United Kingdom

See Welsh Marches and Scottish Marches.

The name of the Anglo-Saxon kingdom in the midlands of England was Mercia. The name "Mercia" comes from the Old English for "boundary folk", and the traditional interpretation was that the kingdom originated along the frontier between the Welsh and the Anglo-Saxon invaders, although P. Hunter Blair has argued an alternative interpretation that they emerged along the frontier between the Saxon Kingdom of Northumbria and the inhabitants of the River Trent valley. The Welsh Marches (Welsh: Y Mers) is an area along the border of England and Wales in the island of Great Britain. ... The Scottish Marches is an term for the border regions on bothe sides of the border between England and Scotland. ... For other uses, see Anglo-Saxon. ... The Kingdom of Mercia at its greatest extent (7th to 9th centuries) is shown in green, with the original core area (6th century) given a darker tint. ... Old English (also called Anglo-Saxon[1], Old English: ) is an early form of the English language that was spoken in parts of what is now England and southern Scotland between the mid-fifth century and the mid-twelfth century. ... The Welsh are, according to Hastings (1997), an ethnic group and nation associated with Wales and the Welsh language, which is a Celtic language. ... For other uses see Trent River. ...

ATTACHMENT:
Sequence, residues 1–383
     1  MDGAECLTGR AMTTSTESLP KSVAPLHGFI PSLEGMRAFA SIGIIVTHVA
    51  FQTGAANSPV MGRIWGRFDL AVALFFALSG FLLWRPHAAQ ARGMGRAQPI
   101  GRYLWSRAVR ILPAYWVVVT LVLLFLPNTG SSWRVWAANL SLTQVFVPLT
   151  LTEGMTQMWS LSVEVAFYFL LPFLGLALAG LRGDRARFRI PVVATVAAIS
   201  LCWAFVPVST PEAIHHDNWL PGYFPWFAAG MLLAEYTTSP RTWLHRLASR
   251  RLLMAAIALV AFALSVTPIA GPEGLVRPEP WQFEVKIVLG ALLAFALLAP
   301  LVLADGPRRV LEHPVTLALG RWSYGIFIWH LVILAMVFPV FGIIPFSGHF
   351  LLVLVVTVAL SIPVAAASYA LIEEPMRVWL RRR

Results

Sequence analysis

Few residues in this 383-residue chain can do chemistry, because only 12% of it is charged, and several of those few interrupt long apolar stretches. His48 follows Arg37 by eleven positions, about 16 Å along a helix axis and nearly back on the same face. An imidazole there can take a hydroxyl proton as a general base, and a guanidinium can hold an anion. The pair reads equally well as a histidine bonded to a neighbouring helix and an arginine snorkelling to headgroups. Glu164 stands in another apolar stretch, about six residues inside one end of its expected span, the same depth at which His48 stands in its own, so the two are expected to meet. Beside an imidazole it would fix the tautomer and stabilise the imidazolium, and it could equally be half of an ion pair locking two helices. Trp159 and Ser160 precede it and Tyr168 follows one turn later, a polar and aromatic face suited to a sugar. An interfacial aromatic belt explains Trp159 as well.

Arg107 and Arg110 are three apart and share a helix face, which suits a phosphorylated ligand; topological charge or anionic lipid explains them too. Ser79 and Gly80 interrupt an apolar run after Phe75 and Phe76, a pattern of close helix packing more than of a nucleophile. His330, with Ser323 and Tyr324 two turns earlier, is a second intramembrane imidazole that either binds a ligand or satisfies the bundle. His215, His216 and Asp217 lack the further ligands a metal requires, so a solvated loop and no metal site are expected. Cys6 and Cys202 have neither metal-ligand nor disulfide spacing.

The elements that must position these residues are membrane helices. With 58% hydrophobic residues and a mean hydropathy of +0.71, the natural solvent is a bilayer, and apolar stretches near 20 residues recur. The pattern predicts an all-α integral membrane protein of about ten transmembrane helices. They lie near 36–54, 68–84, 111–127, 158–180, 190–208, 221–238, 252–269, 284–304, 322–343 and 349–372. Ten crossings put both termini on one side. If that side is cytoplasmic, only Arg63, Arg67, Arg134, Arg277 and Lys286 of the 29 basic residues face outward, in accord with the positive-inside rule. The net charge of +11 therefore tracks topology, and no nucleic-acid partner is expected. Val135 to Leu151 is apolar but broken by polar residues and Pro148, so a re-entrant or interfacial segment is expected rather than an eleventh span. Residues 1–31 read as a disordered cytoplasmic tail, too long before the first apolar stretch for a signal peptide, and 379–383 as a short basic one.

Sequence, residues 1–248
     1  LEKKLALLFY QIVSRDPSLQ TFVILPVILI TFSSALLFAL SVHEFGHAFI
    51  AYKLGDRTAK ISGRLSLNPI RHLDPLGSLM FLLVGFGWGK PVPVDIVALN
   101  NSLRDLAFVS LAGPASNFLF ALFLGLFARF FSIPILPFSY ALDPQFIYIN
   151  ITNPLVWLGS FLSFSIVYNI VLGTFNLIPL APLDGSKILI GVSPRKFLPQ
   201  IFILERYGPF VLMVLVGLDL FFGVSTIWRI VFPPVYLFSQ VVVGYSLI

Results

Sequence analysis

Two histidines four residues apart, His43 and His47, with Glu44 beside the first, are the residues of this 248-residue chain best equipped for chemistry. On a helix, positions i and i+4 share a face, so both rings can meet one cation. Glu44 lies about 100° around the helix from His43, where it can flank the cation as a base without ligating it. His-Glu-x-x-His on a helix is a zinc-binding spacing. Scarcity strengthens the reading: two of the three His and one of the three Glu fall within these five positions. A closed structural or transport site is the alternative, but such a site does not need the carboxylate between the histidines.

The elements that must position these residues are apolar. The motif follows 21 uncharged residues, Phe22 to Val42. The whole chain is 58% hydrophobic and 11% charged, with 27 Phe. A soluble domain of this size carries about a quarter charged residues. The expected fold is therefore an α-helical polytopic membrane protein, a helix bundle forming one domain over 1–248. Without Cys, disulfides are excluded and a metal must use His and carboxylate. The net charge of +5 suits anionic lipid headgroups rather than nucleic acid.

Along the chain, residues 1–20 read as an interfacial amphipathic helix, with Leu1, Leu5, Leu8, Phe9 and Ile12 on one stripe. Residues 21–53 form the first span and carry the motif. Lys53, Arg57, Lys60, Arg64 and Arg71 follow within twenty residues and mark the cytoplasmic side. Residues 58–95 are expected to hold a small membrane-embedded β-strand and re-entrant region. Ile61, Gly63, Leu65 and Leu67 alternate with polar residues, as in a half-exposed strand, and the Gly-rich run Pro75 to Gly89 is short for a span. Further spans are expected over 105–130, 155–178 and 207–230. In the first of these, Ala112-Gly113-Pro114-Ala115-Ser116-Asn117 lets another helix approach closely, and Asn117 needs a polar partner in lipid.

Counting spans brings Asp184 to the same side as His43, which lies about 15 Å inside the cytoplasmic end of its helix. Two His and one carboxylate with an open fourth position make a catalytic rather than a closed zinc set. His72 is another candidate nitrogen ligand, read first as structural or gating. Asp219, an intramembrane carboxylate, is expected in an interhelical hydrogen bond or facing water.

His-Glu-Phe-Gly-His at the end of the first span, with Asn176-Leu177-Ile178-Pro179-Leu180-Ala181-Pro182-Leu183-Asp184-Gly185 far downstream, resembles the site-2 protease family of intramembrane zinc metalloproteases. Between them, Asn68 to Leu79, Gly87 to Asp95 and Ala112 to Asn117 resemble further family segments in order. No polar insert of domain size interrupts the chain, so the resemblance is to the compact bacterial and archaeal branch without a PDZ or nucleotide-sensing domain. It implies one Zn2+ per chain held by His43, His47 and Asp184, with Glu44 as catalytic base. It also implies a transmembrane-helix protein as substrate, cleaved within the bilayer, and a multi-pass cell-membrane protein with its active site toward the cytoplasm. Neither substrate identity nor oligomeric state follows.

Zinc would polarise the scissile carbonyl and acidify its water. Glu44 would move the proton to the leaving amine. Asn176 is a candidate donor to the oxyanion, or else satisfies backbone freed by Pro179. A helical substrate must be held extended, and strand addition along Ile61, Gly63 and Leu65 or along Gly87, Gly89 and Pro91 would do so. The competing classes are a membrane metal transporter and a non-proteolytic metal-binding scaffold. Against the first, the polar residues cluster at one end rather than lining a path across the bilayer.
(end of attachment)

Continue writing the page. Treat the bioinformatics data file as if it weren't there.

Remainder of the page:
Latinizing the Anglo-Saxon term mearc, the border areas between England and Wales were collectively known as the Welsh Marches (marchia Wallia), while the native Welsh lands to the west were considered Wales Proper (pura Wallia). The Norman lords in the Welsh Marches were to become the new Marcher Lords. The Welsh Marches (Welsh: Y Mers) is an area along the border of England and Wales in the island of Great Britain. ... Norman conquests in red. ... Mark or march (or various plural forms of these words) are derived from the Frankish word marka (boundary) and refer to an area along a border, e. ...